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Poets & Writers Magazine

    The shortlist for the 2015 Sunday Times EFG Short Story Award was announced yesterday. Sponsored by Booktrust, Britain’s Sunday Times newspaper, and the EFG Private Bank, the annual prize of £30,000 (approximately $46,000) is given for a short story by a writer who has been published in the United Kingdom or Ireland. The finalists will each receive £1,000 (approximately $1,535). The winner will be announced at an award ceremony in a London on April 24.

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Your trusted source for information on writing contests, grants for writers, and more.


“What light comes / between / your nightgown and you?” Joshua Marie Wilkinson reads a poem from his collection Selenography (Sidebrow Books, 2010). Wilkinson is featured in "Writing the Road: Advice for Touring Poets" by Travis Mossotti in the current issue of Poets & Writers Magazine.

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    “At some point I realized that I’m incapable of writing poems unless someone forces me to do it. Revising is easier for me; it can happen even against my better judgment as soon as I open a document. But someone’s got to make me do that first act of writing—I have to feel accountable..."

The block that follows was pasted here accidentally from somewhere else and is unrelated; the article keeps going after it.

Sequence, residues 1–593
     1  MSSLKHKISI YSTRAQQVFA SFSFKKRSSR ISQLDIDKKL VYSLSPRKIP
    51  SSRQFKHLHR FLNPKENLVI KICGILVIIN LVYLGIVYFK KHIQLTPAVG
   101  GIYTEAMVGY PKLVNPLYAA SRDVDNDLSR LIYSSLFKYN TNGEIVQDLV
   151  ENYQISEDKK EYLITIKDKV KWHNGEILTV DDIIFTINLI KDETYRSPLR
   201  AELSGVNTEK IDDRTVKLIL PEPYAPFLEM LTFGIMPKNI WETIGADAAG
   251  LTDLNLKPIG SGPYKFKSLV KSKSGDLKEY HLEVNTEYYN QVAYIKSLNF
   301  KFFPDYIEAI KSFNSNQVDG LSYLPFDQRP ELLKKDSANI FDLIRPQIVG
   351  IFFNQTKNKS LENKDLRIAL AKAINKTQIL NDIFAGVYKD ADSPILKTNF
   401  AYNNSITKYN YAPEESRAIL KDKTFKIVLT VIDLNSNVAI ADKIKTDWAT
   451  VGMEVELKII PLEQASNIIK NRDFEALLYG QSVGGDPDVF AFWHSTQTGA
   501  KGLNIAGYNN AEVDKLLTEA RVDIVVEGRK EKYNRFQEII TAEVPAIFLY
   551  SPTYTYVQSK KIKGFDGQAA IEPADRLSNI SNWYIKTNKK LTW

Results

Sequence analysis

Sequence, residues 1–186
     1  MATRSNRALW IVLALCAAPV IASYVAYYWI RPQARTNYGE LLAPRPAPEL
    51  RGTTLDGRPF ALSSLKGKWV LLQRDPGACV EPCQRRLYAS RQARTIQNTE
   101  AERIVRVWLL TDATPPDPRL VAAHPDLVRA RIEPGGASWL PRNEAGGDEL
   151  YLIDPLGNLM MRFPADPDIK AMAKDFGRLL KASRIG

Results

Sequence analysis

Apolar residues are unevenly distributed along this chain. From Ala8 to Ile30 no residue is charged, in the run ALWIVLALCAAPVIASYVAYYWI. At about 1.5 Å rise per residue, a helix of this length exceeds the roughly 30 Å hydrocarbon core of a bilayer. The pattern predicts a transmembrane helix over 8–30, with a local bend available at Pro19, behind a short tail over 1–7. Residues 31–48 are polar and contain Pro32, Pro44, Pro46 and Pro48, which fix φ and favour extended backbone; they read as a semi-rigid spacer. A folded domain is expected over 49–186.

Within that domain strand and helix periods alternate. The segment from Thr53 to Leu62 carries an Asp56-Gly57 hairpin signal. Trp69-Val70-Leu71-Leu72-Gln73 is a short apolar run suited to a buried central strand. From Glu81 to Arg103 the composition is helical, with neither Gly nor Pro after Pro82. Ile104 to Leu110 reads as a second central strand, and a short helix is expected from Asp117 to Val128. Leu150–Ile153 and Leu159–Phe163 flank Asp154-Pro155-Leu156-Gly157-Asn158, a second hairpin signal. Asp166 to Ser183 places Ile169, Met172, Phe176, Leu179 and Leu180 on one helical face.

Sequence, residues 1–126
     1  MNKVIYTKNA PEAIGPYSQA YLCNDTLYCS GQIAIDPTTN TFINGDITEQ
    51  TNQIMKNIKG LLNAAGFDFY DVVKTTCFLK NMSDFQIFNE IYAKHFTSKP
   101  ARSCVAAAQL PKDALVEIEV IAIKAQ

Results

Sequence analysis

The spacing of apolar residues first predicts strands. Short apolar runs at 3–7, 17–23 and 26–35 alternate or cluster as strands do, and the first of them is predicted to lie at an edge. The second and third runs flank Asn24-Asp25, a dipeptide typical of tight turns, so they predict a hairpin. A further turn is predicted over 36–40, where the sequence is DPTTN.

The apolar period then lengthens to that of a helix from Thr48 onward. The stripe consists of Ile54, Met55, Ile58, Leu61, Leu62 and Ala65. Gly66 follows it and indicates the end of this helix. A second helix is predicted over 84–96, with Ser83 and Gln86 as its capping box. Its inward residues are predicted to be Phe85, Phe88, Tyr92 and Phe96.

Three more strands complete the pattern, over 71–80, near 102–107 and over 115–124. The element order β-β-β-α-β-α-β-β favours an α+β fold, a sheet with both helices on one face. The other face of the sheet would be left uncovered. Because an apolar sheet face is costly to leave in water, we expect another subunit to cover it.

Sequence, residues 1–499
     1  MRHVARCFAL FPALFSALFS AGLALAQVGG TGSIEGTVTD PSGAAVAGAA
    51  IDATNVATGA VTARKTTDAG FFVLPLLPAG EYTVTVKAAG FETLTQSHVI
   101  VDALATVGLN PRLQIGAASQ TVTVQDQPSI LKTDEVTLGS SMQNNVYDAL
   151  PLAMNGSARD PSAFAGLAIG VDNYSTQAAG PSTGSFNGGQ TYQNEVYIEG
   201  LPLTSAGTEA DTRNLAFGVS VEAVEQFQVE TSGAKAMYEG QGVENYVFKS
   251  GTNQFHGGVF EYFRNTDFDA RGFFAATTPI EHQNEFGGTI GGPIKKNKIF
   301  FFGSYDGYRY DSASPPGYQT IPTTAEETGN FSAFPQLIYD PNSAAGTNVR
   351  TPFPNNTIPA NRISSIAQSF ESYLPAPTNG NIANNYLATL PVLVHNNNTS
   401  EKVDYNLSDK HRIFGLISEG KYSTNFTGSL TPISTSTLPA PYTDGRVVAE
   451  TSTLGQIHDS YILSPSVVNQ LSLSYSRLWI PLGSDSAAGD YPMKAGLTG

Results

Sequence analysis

“In order to start writing, I need to put myself in a receptive state of mind, which isn't easy when you're busy: ‘Stop, look, and listen,’ as they used to tell school kids crossing the street. It might just mean sitting in a different place,..."

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    by Jen Michalski

    Author Jen Michalski takes us on a tour of the many literary sites writers should visit while strolling the gritty streets of Baltimore.

    by Edie Rhoads

    Join indie author Edie Rhoads as she showcases the local literary treasures of one of America’s most picturesque cities.

    by Adam Ross

    Adam Ross, author of the New York Times Notable Book Mr. Peanut, takes us on a tour of his beloved Nashville, "a great secret, cool as all get-out but never self-consciously hip or competitive," with a literary life as vibrant as its musical one.

    by Michelle Wildgen

    Author and Tin House Magazine editor Michelle Wildgen serves as our guide to the literary locales of Madison, Wisconsin, a city whose lofty earnestness in everything from food to literature inspired her two novels.

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Our Writers Retreats Issue features stories of life-changing conferences and residencies; profiles of Pulitzer Prize-winning poet Tracy K. Smith and novelist T. Geronimo Johnson; an in-depth interview with literary agent Jennifer Joel; the art of reading Norwegian novelist Per Petterson; the big business of film adaptations; Bread Loaf's new conference for translators; advice for poets on reading tours; and much more.

Mar/Apr 2015

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Listen to Kelly Link read from her new story collection, Get in Trouble, one of the books featured in Page One: Where New and Noteworthy Books Begin.